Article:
Mr. Hays conducted the paper until January, 1872, when Frank G. Parcell purchased an interest and became business manager, the firm name changing to J. N. Hays & Co. This continued until death overtook Mr. Hays m 1873:

Soon after his death a company purchased the plant and operated it as the "Tribune Printing Company" with Fred Nye as editor. In 1877 W. H. Michael purchased a half interest and thereafter it was conducted by Michael & Nye. In May, 1879. Browne & Hammond came into possession of the plant and the following autumn Mr. Browne sold his half interest to George Hammond & Son, Frank Hammond being editor. In 1882, Ross L. Hammond secured a half interest and the firm was known as Hammond Brothers, with Frank as business manager and Ross L. as editor. In March, 1891, Harry W. Hammond, a younger brother, came into the firm and later sold his interest to his brothers.

In May, 1883, the Tribune blossomed out into a daily edition. Later on the weekly edition was changed into a tri-weekly, which was discontinued in 1917 because of the inroads made on the tri-weekly subscription list by the establishment of rural routes, when the farmers were given a daily mail service.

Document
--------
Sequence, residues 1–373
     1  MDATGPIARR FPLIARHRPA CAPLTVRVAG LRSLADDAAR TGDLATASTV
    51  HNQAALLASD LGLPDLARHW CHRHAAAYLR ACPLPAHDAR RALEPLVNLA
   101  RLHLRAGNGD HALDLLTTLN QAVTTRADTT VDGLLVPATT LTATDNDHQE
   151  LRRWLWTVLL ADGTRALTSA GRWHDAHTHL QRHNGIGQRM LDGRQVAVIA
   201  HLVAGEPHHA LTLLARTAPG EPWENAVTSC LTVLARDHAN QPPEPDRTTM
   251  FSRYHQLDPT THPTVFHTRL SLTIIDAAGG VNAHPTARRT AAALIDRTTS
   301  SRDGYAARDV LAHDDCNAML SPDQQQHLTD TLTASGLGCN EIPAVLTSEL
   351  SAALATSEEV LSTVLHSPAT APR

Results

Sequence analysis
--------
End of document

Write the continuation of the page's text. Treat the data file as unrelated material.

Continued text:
In January of 1920, Ross L. Hammond, who held a half interest, sold most of his holdings to other stockholders and retired to a comfortable home in Southern California, after forty years' continuous service as editor. Mr. Hammond's retirement made an official change in the management which is as follows: Frank Hammond, president and editor:

Ray W. Hammond, vice-president and manager; Lucius R. Hammond, secretary and assistant manager: Walter B. Reynolds, treasurer and circulation manager. Harvey C. Kendall, who is advertising manager, with the foregoing officers constitute the board of directors.